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We just started field extensions in my algebra course, so this is all relatively new to me, and I'm not sure where to even begin with this proof. For example, I'm trying to show that given a subfield $F$ of $\mathbb{C}$, if we define $E$ as $E=F(\sqrt{a}+\sqrt{b})$, $\sqrt{a}$ and $\sqrt{b}$ also belong to $E$. It seems obvious, but I'm not sure where to start. Thanks for any help

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  • $\begingroup$ Well what do the elements of $F(\sqrt{a}+\sqrt{b})$ look like? $\endgroup$ – Brandon Thomas Van Over Nov 17 '15 at 2:06
  • $\begingroup$ Hint: Hard to know what square root means. We will assume that we cannot have $\sqrt{b}=-\sqrt{a}$. Fields are closed under reciprocal, so $\frac{a-b}{\sqrt{a}+\sqrt{b}}$ is in $E$. $\endgroup$ – André Nicolas Nov 17 '15 at 2:23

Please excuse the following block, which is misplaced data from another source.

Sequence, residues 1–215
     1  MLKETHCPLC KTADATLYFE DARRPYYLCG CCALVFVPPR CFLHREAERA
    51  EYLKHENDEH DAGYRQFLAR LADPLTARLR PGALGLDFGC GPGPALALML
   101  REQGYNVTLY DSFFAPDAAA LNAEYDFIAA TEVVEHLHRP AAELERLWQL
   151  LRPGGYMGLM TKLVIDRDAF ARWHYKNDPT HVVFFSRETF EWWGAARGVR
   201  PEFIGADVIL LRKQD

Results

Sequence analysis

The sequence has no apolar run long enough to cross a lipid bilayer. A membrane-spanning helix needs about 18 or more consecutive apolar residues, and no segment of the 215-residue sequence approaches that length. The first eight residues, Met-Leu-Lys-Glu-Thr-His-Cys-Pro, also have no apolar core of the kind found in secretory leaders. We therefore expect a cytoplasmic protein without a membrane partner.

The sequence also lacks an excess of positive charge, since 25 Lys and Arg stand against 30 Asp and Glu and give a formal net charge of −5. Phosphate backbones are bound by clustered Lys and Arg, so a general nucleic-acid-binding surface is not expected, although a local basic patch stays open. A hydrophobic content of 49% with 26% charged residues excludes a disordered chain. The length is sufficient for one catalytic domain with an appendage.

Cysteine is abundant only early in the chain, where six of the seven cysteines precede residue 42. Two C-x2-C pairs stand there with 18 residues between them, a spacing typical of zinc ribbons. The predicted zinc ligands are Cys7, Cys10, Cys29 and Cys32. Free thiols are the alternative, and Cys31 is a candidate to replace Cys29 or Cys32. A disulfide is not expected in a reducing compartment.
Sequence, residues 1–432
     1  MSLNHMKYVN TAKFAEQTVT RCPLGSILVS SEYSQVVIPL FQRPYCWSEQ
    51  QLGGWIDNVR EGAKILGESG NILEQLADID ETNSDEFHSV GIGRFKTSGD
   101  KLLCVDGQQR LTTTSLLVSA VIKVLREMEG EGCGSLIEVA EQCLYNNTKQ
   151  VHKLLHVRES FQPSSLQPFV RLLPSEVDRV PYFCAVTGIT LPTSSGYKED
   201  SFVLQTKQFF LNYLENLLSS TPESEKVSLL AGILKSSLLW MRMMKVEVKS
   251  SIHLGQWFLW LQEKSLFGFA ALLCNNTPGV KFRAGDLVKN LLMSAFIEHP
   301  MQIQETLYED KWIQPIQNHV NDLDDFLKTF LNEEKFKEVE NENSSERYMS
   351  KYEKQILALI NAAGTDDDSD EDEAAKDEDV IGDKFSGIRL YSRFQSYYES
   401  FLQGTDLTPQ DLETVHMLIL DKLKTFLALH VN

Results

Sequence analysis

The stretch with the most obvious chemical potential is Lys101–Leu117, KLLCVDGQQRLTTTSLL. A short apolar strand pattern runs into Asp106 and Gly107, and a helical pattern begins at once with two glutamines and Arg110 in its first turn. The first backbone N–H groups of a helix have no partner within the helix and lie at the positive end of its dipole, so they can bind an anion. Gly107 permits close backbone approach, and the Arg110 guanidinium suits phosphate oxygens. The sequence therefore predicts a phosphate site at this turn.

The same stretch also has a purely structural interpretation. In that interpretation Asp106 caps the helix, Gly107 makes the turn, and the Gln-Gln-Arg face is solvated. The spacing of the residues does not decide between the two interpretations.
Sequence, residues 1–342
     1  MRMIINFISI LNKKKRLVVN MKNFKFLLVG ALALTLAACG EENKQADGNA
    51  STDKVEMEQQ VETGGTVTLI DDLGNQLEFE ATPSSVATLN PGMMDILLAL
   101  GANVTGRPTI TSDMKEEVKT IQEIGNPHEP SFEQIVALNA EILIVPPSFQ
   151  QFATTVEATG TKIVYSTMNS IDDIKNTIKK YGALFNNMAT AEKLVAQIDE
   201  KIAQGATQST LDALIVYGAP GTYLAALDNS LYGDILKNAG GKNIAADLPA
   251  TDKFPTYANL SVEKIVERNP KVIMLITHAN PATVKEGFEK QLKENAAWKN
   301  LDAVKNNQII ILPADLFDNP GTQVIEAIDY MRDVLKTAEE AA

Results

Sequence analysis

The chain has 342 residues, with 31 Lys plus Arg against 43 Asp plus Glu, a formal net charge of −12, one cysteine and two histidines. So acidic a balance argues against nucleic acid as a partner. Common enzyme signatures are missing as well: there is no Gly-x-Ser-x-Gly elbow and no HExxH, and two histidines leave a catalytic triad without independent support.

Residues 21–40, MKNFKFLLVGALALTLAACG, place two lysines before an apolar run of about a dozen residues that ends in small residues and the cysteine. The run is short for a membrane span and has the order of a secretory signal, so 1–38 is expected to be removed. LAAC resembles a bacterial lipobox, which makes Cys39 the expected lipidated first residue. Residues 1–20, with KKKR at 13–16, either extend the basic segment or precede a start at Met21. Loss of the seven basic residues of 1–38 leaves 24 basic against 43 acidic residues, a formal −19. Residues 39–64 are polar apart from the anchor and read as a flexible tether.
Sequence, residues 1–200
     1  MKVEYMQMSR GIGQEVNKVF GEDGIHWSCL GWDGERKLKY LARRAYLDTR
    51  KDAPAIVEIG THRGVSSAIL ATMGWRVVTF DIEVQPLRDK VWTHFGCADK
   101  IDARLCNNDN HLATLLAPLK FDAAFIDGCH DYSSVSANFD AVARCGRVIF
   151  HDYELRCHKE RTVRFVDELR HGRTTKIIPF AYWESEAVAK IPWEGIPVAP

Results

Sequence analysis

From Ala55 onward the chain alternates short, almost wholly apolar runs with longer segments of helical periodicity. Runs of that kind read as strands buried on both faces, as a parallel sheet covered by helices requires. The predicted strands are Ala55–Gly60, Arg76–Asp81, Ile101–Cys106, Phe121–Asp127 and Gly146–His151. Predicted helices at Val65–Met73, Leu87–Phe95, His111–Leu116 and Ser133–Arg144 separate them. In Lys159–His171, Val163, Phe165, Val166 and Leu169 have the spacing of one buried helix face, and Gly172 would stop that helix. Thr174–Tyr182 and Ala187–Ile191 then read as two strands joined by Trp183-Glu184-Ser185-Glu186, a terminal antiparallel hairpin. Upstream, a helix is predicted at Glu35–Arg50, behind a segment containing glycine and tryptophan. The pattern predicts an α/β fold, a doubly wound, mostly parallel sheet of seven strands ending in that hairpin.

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We will assume $a \neq b$.

It suffices to show that $\sqrt{a} \in E$, since then $\sqrt{b} = (\sqrt{a} + \sqrt{b}) - \sqrt{a}$ surely is, as well.

Note that: $(\sqrt{a} + \sqrt{b})^3 = a\sqrt{a} + 3a\sqrt{b} + 3b\sqrt{a} + b\sqrt{b} = (a+3b)\sqrt{a} + (3a + b)\sqrt{b}$.

Thus $(\sqrt{a} + \sqrt{b})^3 - (3a + b)(\sqrt{a} + \sqrt{b}) = 2(b-a)\sqrt{a}$.

Since $a \neq b$, $\dfrac{1}{2(b-a)} \in F$, thus:

$\sqrt{a} = \dfrac{1}{2(b -a)}[(\sqrt{a} + \sqrt{b})^3 - (3a+b)(\sqrt{a} + \sqrt{b})] \in F(\sqrt{a} + \sqrt{b})$.

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